Your New Normal is Vigilance…

9 July 2017

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Dear Friends and Colleagues:

I’ve been on something of a hiatus, spending time in the Santa Barbara/Carpinteria/Rincon area writing and attending the Santa Barbara Writers Conference (SBWC). It was an adventure-filled two weeks about which I will write elsewhere. During that time I pretty much ignored the news and didn’t turn on a television set, not once. However, one thing I did do was continue to facilitate the weekly GOAT (Getting Our Act Together) conference call, and it is that about which I want to write this month.

As the result of a side meeting at the CFSC 15th Annual Food Justice Conference in 2011 held in Oakland, California, a group that included members of CFJC, the Rural Coalition, National Sustainable Agriculture Coalition (NSAC), National Family Farm Coalition (NFFC), Public Health Institute (PHI), and Food First among many others met to organize a new kind of collaboration to work on the 2012 Farm Bill. Since that moment, and now entering our sixth year of weekly conference calls and annual meetings, the GOAT participants have maintained an evolving and safe space where community members, activists, policy wonks, farmers, and D.C. watch dogs can meet to freely express their views, hopes and frustrations with a surprisingly diverse group of participants from across the country. It is a place to discuss and develop food policy that works for people and communities, instead of just for corporate interests.

One week a highlight might be Alabama farmers in D.C. to advocate for the Farm Bill 2501 program, or an NSAC fly-in of members from farms and communities in California, New Mexico, Iowa and elsewhere with the common purpose of making sure D.C. legislators remember who actually grows the food upon which we all depend.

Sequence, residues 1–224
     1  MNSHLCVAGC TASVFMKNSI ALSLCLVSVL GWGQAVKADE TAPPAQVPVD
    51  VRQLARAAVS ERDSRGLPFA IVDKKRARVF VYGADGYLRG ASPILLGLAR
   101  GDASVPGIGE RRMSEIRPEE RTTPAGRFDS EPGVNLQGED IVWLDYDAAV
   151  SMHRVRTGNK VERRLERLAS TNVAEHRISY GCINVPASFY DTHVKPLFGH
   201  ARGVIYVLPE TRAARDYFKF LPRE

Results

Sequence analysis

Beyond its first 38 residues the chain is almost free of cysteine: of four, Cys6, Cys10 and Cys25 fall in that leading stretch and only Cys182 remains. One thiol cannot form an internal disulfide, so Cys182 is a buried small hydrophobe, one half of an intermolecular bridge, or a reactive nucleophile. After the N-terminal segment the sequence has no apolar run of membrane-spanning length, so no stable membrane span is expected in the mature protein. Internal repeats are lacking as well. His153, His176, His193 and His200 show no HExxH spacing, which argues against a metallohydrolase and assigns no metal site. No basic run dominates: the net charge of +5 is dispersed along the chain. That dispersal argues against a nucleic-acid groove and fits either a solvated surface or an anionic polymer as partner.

There are a number of ongoing collaborations and a fair amount of cross pollination of individuals and groups working on food policy issues that also have a presence in D.C. –the HEAL Food Alliance process and Good Food For All come to mind. However, from the outset GOAT has always been grounded on making sure that equity is the basis of all food policy efforts.

Also from the beginning it has been impossible to ignore the other burning issues that are inextricably intertwined with the basic food policy issues GOAT was formed to address. At first it was relatively easy to see how immigration and immigrants figure into the food and agriculture continuum. From there, as GOAT participants learned of the struggles in each sector—farming, food chain workers, agricultural workers, SNAP families, etc.—we recognized the need to simultaneously work on virtually every piece of the trillion dollar Farm Bill.

And then, over the past year, in a world in which the advent of Donald J. Trump and his values had to be not only taken seriously, but in which he could and did become president, we cannot in good conscience ignore the all-out assault on health care, civil rights, women’s and reproductive rights, and voting rights. We are all challenged to be part of expanded efforts to advocate for programs being dismantled by a secretary of the department of education who does not believe in public education; a housing and urban development department led by a secretary who believes people are poor by choice; a USDA led by a secretary challenged with nearly as many ethic violations as his boss; an energy department led by a secretary who changed his mind and now says he believes the department should not be abolished, but who closed the climate technology office; and on and on and on.

When the president decreed that for every new regulation, two existing regulations must be abolished, he institutionalized a practice that is emblematic of his world view. And his world view seems to be that regulations implemented to protect the public welfare are not as important as making it easier for Trump and his ilk to despoil the environment. That regulations to protect the common weal are not as important as making it easier for the privileged to gain more wealth at the expense of workers and human health. That regulations that protect our waterways and public health are not as important as opportunities for a class of wealthy entrepreneurs to privatize public resources. To be sure, the patois of politicians and modern day carpetbaggers is replete with supposed concerns for the small business operator, and freedoms and rights of a working class man (and maybe even a woman). But surely, the evidence of what the Trump administration has already managed to achieve in six short months is self-evident. New policies are not benefiting the common man and woman. The carpet bagger analogy is spot-on.